Francesco Milesi, the creator of the Birds Linux distribution, has informed Softpedia today, May 3, 2017, about the immediate availability of a new version of his open-source operating system for students, Birds Linux 10.0.

It's been a while since we last heard from the Birds Linux project, but it looks like it's still being developed for educational purposes, and today's Birds Linux 10.0 release appears to be a major one that updates most of the pre-installed core components and applications to their latest versions.

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More in Tux Machines

today's howtos

GNOME: Mutter, gresg, and GTK

  • Mutter 3.25.2 Has Bug Fixes, Some Performance Work
    Florian Müllner has pushed out an updated Mutter 3.25.2 window manager / compositor release in time for the GNOME 3.25.2 milestone in the road to this September's GNOME 3.26 release. Mutter 3.25.2 has a number of fixes ranging from fixing frame updates in certain scenarios, accessible screen coordinates on X11, some build issues, and more.
  • gresg – an XML resources generator
    For me, create GTK+ custom widgets is a very common task. Using templates for them, too.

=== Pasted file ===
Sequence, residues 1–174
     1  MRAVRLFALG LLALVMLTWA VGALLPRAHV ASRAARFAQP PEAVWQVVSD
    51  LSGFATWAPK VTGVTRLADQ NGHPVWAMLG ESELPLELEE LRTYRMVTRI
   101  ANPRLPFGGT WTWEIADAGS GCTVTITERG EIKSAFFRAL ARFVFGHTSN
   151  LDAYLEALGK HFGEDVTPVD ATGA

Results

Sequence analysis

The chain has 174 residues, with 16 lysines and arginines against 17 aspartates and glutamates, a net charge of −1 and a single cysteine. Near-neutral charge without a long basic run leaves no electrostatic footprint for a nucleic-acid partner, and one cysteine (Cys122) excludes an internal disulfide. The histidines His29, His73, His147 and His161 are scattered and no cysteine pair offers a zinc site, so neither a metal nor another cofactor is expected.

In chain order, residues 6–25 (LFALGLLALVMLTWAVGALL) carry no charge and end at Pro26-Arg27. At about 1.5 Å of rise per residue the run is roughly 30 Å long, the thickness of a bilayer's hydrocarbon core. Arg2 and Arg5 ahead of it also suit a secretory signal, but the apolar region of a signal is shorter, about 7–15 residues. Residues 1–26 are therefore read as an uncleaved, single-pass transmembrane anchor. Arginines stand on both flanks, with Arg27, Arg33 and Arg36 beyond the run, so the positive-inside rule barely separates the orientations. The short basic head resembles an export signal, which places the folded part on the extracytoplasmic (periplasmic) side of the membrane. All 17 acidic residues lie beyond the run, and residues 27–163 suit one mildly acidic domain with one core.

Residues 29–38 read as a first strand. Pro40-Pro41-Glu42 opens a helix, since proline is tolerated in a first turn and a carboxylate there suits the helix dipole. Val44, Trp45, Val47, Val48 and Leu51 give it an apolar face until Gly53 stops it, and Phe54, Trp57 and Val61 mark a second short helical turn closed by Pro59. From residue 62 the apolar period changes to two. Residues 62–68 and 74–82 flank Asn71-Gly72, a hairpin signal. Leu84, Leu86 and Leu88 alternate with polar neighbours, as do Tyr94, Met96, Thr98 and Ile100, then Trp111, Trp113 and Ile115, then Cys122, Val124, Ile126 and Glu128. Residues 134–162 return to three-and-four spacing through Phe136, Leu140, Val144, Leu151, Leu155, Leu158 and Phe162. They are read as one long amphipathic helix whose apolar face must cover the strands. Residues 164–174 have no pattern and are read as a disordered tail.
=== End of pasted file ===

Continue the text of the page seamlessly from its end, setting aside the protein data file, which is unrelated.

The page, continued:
• Free Ideas for UI Frameworks, or How To Achieve Polished UI
    Ever since the original iPhone came out, I’ve had several ideas about how they managed to achieve such fluidity with relatively mediocre hardware. I mean, it was good at the time, but Android still struggles on hardware that makes that look like a 486… It’s absolutely my fault that none of these have been implemented in any open-source framework I’m aware of, so instead of sitting on these ideas and trotting them out at the pub every few months as we reminisce over what could have been, I’m writing about them here. I’m hoping that either someone takes them and runs with them, or that they get thoroughly debunked and I’m made to look like an idiot. The third option is of course that they’re ignored, which I think would be a shame, but given I’ve not managed to get the opportunity to implement them over the last decade, that would hardly be surprising. I feel I should clarify that these aren’t all my ideas, but include a mix of observation of and conjecture about contemporary software. This somewhat follows on from the post I made 6 years ago(!) So let’s begin.

Distro News: Alpine, Devuan, and openSUSE

OSS Leftovers